Tuesday, May 22, 2007

Synopsis of a Garden

Jake and I worked for a few more hours tonight, and are nearly finished spreading the soil into the ruts left by the landscaper. The dirt pile is *almost* gone, and I couldn't be more thrilled. It's good to know that when my hubby and I work together, we can overcome whatever messes come our way-- that man can fix almost anything, even a broken heart at being treated badly by people who don't care how much they wreck the land you've worked years to beautify.

If anyone had seen what a disaster our property was when we first moved in, they'd never recognize it; I turned the front acre of ugly, sickly grass into a prairie 3 years ago, hand planting hundreds of echinaceas and rudbeckias and broadcasting *pounds* of native prairie seeds. When the plants start to bloom early this summer, it's going to be breathtaking. The wildflowers are finally starting to take over the grass, getting the foothold they need to flourish.

We've taken down a few trees, removing the stumps and filling in the low spots; moved 1/2 dozen trees and planted at least 50; repaired the damaged, neglected landscaping in the front of the property (I shoveled at minimum a TON of lava rock, one wheelbarrow at a time waaaaaaaay down to a dumpster by the garage, which I had to LIFT to dump the rock inside. This girl's got MUSCLES!) We fixed up the rotting playhouse and turned it into a pretty little chicken coop, fully landscaped, complete with strawberry patch and trumpet vine/clematis covered pen.

I hand turned two enormous gardens in the front of the property 3 years ago as well, and the root stock I planted has matured to the point that I've had to dig *new* gardens and enlarge existing ones just to have places to put the divisions. I dug 4 gardens in the back of the property, 2 a couple years ago, one last fall, and one this spring... the south west garden is one of my favorites, as it includes many of the same shade plants I grew to love from the large gardens I planted at our old house (minus the most invasive ones!). I think I seriously overplanted that spot, tho, and will need to expand the garden to accomodate the plants that will surely be crowded by fall. I actually started the garden 2 years ago, when I rushed to get over 1000 bulbs in the ground in November, just in time for the first hard frost. The following spring, after the bulbs bloomed and the foliage faded, I was finally brave enough to get my plants in the ground.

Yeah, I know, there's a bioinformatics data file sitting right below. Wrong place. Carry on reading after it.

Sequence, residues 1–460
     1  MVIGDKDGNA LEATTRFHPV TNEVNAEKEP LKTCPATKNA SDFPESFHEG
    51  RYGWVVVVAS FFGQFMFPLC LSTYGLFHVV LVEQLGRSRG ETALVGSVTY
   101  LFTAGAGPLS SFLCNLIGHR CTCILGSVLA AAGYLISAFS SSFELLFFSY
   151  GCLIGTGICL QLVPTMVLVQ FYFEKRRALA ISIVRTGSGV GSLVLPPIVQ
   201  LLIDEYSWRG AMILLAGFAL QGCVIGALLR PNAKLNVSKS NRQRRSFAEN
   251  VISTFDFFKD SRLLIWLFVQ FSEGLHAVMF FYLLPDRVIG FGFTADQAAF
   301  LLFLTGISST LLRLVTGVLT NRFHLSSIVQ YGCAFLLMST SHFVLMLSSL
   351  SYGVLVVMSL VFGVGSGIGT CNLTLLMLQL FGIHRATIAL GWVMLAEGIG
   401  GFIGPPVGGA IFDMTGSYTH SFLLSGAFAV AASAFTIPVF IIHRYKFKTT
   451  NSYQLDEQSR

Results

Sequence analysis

I was especially proud of the chicken coop garden, as it was the first garden I actually took the time to "hardscape"; I was so pleased with myself, counting out the # of patio blocks I'd need and taking the initiative to order them and have them delivered, which went off without a hitch. I wasn't sure why, but I've usually relied on Jake to take care of these details; but now that I've been burned it's clear: I don't think men get taken advantage of as much as women do in such matters.
Jake and I took a lot of care with the coop garden, to level out the ground so the blocks would sit correctly-- the effect was absolutely stunning, and very professional looking. I couldn't wait to get some topsoil into the garden so I could move the plants from the butterfly garden into their new spot. We're going to be busting up the concrete soon so we can pour a new patio to replace the damaged one, so I had to move the perennials to a new spot asap.

And wow! Landscaping by yourself is hard enough without having to fix other people's screw-ups, but I'm hoping that when the coop garden has become established, it will seem even more lovely, for all the sweat and tears and life lessons that went into it. More photos of the restoration to come: my new camera decided to die, as if this week wasn't bad enough! Bah!

p.s. Jake ordered a new tipi skin today, which should arrive in 2 weeks... yay! Tipi party, anyone?

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